- Since the examples of successful metering in Pasadena, Tacoma, PDX/Lloyd District, and Oregon City as well as Ashland, downtown PDX, Hood River, and Corvallis haven't been persuasive, how about free parking advocates cite case studies where metering garages and keeping on-street parking free has been successful. This is counter-intuitive, free-parking advocates must understand: By putting a cost on the plentiful and underused resource (garage stalls) and keeping the scarcer in-demand resource free (on-street stalls), metering only the garages flies in the face of normal economic/market theory, and should be backed with more than mere speculation. Let's see some data about how this actually works.
|Meeting last October|
(Other agenda items after the jump)
Here are more general points that could be addressed:
- Hopefully we agree that people are the key to a vibrant downtown, so let's count people instead of cars, and realize that there are many ways to make sure people get downtown - that in fact, there might be ways to have more people and fewer cars. At least this is a possibility, since many cities and towns in the world in fact have more people and fewer cars than in downtown Salem.
- And we agree that car travel dominates downtown, right? In this free parking has been a central ingredient in creating the transportation monoculture downtown. Most people feel like they have no rational choice but to drive to go downtown. Transitioning away from free parking will help nudge things towards a better and more fair balance in a diverse transportation ecosystem. I think most people will agree that more choices and more freedom to choose are better.
So here's the Staff Report with recommendations and a "parking management vision." It also contains some comments in opposition to meters - though it seems the main energy in opposition has gone to the petition campaign rather than to engage the City on the merits and details of this particular proposal and vision.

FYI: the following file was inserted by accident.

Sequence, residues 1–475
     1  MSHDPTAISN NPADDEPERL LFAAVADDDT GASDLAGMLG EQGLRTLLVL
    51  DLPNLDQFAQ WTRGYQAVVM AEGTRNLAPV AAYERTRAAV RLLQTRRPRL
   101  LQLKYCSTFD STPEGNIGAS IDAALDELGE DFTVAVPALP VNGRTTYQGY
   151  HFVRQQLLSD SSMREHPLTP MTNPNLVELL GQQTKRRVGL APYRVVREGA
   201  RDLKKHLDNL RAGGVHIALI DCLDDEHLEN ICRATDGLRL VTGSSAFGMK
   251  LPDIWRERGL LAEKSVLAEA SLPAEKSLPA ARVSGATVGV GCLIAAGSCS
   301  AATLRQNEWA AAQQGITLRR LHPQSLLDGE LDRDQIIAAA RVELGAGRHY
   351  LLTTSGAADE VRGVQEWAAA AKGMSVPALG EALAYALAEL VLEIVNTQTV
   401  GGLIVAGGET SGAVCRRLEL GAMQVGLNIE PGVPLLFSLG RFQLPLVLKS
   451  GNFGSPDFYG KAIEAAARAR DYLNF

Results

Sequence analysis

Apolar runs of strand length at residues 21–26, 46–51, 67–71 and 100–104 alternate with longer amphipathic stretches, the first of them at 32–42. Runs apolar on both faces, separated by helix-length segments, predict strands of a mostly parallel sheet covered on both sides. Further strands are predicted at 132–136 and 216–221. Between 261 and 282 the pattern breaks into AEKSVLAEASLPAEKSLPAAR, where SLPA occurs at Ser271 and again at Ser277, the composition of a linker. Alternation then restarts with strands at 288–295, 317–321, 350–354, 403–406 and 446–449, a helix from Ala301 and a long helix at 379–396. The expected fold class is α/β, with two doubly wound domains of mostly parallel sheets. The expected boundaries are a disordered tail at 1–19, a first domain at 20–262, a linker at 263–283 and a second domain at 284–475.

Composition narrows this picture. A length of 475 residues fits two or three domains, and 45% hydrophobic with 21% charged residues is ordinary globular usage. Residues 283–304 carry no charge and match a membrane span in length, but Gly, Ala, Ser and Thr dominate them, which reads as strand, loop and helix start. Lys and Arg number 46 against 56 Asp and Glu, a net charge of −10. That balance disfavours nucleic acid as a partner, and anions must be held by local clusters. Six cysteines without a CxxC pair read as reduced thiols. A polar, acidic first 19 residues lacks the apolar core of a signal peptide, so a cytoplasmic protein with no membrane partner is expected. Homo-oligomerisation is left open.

Some of these are worth more attention, and maybe I'll add them in some comments over the weekend.
A report on the Sunday Streets project for September 8th. This is an information report only, and I had thought from the paper's article that Council action had become necessary. But Council would not appear to be deciding anything, and the project seems on!
There's a Skateboarding Ordinance for first reading. Council can refer it for more review, hold a hearing, or advance it to second reading without a hearing. It'll be interesting to see how this goes. It seems to expand the downtown exclusion zone for skateboards from the sidewalk to the street, and this may not be popular. It is humorous - not in a good way - that this would eliminate the possibility of skating to the Marion Square skatepark. Perhaps others have read it more closely or been more involved in the process?
A curious note about "high-rise" development looks interesting, but the report is not complete yet, so this is just a placeholder in the agenda.
The $712,000 infusion of funds into the downtown parking district.
Staff continues to recommend no housing tax incentives for the Marquis nursing home and clinic facility on the Boise property. This is clearly the right stance, as the incentives were designed to support residential, not clinical, facilities - so hopefully Council will not get side-tracked over silly claims about not being "pro-business" or "pro-jobs." (Previous Council action here. Main notes on the Boise project here.)
|Unimproved path connection has been magnet for litter and graffiti|
|Bark landscaping and doorless faces make this a Potemkin Village!|